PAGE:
Mandell explained, “At the time of Enjoy Life’s founding, nobody owned the allergen-free space that we set out to fill. We set out to build a true moat around our brand identity that would protect our runway to revolutionary innovation.” From day one, he continued, Enjoy Life invested in its own manufacturing facility, in order to maintain total control over production quality and thereby “keep our promise to create products free of all allergens.”

Mandell’s transition as a market service provider with Cannibistry Labs required a different business model altogether. Cannabis is not approved in the U.S. at the Federal level, so development has had to occur on a state-by-state basis and, for now, is not subject to Federal interstate commerce opportunities. The problem, noted Mandell, is that “while many start-up companies are securing cannabis licenses, they don’t know how to develop and commercialize food and beverage products. Our professionals create best-in-class products; develop brands around those products; and then license them to companies within the states where such products are legal.” An unstated advantage of this model is that it helps keep legal liabilities at arm’s length in confusing Federal and State regulatory climates.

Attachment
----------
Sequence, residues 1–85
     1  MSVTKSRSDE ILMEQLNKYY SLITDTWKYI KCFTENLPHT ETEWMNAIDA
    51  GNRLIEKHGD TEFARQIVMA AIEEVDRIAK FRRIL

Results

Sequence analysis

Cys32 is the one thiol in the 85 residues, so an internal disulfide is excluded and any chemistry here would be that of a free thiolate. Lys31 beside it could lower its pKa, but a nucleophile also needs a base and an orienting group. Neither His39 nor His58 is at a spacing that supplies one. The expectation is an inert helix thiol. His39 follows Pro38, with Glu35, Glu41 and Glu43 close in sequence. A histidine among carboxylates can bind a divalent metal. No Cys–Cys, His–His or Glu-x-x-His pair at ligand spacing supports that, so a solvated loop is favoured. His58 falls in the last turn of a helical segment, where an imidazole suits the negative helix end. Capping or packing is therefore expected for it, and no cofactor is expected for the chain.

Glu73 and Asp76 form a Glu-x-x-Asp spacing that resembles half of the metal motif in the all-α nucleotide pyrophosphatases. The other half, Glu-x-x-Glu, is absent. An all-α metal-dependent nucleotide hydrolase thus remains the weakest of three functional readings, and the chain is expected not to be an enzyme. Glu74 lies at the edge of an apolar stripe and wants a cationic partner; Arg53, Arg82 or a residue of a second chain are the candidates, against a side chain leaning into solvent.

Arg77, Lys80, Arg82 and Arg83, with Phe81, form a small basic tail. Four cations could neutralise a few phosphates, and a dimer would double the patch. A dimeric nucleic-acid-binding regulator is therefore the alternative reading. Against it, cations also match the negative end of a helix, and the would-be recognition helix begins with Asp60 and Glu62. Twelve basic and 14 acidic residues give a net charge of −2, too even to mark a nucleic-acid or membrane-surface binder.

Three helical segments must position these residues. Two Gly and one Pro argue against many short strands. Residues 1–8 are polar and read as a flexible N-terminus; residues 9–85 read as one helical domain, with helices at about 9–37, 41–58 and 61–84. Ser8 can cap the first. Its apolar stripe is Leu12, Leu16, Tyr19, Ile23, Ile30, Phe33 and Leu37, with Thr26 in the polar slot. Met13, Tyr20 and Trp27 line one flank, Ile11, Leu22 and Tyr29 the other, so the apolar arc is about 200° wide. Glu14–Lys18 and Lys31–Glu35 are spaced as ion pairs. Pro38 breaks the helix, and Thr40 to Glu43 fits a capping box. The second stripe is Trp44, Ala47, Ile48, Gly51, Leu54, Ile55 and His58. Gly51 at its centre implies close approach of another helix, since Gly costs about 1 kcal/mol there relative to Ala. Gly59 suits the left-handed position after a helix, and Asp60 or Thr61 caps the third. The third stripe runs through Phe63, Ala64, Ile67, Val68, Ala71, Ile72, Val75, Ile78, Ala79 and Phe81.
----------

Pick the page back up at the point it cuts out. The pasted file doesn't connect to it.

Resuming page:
Merchant observed that one successful model driving food and beverage innovation is to draw from global influences. Citing Brahimsha’s success in developing a market for traditional but nutritionally boosted hummus products, she noted that many new market ideas have come to the U.S. from other cultures and countries. “Greek yogurt wasn’t a big deal in the U.S. until the early-2000s, when it was introduced and built into a billion-dollar business by the Kurdish-immigrant Chobani family. The U.S. food and beverage industry boasts many similar success stories of immigrant origin.”

Toubia summed it up: “What is important in innovation is to make sure that innovation brings real value to its customers. It’s not just about our vision as entrepreneurs because, for the customer, it really is ‘all about me.’ Sometimes we forget that.”

This panel on innovation will be continued in Part 2

The “Managing Innovation: From Entrepreneurial Startups to Going Mainstream” panel at 2019 Protein Trends & Technologies Business Strategies program

This presentation was given at the 2019 Protein Trends & Technologies Seminar. To download presentations from this event, go to

See past and future Protein Trends & Technologies Seminars at